The other day my mum and I were discussing our respective phone bills. Discussing bills is something we often do, competitively comparing how low or high our gas, electricity or water bills are, so there was nothing unusual in that. What did make it slightly unusual is that we were discussing our landline telephone bills.
Usually when people are talking about their phone bills they’re referring to their mobile phones. But Mum and I both have unlimited, “all you can eat” type mobile phone accounts and so we find that increasingly we’re making calls on our mobiles, instead of on our landlines. Which in turn means that our landline bills are getting lower and lower.
At the end of the conversation mum said she was considering cancelling her landline altogether. I implored her not to, pointing out that mobile phone reception is unreliable (especially in her house) and that batteries can die and leave you unreachable. After about a minute she had changed her mind.
I know, I know: people have been ditching their landlines for a while now, not seeing the point in paying two phone bills, and surviving. I have several friends who have not had a landline for several years and recently another close friend announced that she, too, has cancelled her landline.
The other day I read about how a phone number is increasingly associated with a person, not a building. Even I only ever give out my mobile phone to people and I make far more calls on my mobile than I do on my landline, even when I’m at home.
The thing is, I think there is something we are all sacrificing by moving away from our landlines and that something is call quality. Mobile phone reception is unreliable. Calls drop out all the time. Or voices become so garbled that it is impossible to make sense of them. Lines can be crackly and static-y.
I don’t know about you, but there are only so many times I am willing to say to someone, “Can you repeat that, I missed it.” After about the fifth or sixth time I’m just willing to let go and miss whatever it is that is being said or give up on the conversation altogether.
Or you’re trying to get in touch with someone during the evening and the next day they come back to you with, “Sorry about that; the phone died and I had it on the charger and didn’t hear it…” (And I do appreciate that sometimes that’s just a convenient excuse for when you don’t want to answer the phone, but it’s also a genuine phenomenon.)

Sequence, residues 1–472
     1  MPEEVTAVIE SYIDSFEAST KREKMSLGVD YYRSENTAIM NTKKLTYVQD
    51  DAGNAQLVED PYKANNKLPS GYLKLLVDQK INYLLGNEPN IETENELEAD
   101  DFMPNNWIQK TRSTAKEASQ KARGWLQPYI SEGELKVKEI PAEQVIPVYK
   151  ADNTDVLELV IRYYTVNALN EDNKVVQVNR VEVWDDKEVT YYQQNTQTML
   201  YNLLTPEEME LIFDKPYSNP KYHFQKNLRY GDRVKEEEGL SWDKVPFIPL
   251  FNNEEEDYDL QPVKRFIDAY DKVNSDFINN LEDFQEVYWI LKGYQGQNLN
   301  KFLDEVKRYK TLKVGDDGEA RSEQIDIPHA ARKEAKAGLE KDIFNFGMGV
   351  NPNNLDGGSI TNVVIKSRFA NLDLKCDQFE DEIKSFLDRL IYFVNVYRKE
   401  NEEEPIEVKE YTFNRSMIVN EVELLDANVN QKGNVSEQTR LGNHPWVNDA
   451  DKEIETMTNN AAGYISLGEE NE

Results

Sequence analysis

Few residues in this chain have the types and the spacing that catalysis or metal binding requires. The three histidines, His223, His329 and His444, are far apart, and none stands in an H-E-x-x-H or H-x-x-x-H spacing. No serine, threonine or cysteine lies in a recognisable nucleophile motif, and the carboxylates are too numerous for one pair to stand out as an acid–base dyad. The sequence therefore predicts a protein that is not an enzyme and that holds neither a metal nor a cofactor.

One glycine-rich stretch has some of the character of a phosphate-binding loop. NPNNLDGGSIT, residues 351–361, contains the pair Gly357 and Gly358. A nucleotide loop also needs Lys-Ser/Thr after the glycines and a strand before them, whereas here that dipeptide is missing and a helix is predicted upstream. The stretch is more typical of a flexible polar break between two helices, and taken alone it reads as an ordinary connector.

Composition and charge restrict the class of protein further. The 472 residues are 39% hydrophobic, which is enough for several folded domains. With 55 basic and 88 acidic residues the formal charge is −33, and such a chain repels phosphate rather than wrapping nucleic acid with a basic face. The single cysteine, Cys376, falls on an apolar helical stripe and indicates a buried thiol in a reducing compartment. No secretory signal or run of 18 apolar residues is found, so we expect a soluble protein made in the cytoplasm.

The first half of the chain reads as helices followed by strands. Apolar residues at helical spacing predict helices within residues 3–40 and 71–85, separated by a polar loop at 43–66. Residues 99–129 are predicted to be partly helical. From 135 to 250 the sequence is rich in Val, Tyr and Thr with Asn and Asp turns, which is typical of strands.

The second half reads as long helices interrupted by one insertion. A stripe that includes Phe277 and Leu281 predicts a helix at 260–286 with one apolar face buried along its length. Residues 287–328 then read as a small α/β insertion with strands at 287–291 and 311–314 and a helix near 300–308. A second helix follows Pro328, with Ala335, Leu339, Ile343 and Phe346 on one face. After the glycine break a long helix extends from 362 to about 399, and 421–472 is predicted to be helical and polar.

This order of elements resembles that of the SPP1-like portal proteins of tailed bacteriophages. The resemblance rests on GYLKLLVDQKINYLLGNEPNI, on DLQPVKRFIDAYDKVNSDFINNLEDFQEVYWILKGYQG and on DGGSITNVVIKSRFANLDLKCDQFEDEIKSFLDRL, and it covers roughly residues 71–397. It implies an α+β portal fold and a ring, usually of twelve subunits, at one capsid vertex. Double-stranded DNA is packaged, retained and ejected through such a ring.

Isn’t this a step back in time? We’ve come so far with landline technology that it can sound like someone you’re talking to overseas is in the next room to you, and we’re choosing to talk on mobiles which make someone in the next room sound like they’re on the other side of the world. With a hand over their mouth. In the middle of a sandstorm.
It’s not just call quality that we’re sacrificing; it’s conversation quality. It’s communication quality.
Yes, mobile technology is great, and it’s getting better and it’s very, very convenient. I totally get all that. But there’s something about this convenience that I’m a bit sceptical of because it comes at a cost that we don’t really appreciate or acknowledge.
For me it’s similar to the so-called awesome convenience of having a smartphone. I’ve considered getting an iPhone many times. I have a Mac and an iPad. It seems like the natural next step.
Friends and co-workers have tried to persuade me. “Think of all the things you’ll be able to do,” they say. Whenever I do think about how I’d use it, though, say to check my emails or Twitter on the train on the way to work, I realise that I really enjoy using that time to read a book. Or to just stare out the window and daydream. I like not being connected all the time. I like being disconnected.
Not to mention which you can’t tell me that squinting down into a small screen all day long (and I’m including those massive Samsung Galaxy phones here) is good for anyone’s eyesight. I’m already wearing contacts and my optometrist tells me that it’s only my deteriorating short-sightedness that is balancing out my emerging long-sightedness. I’m not messing any more with my eyes, man, not for all the convenience in the world.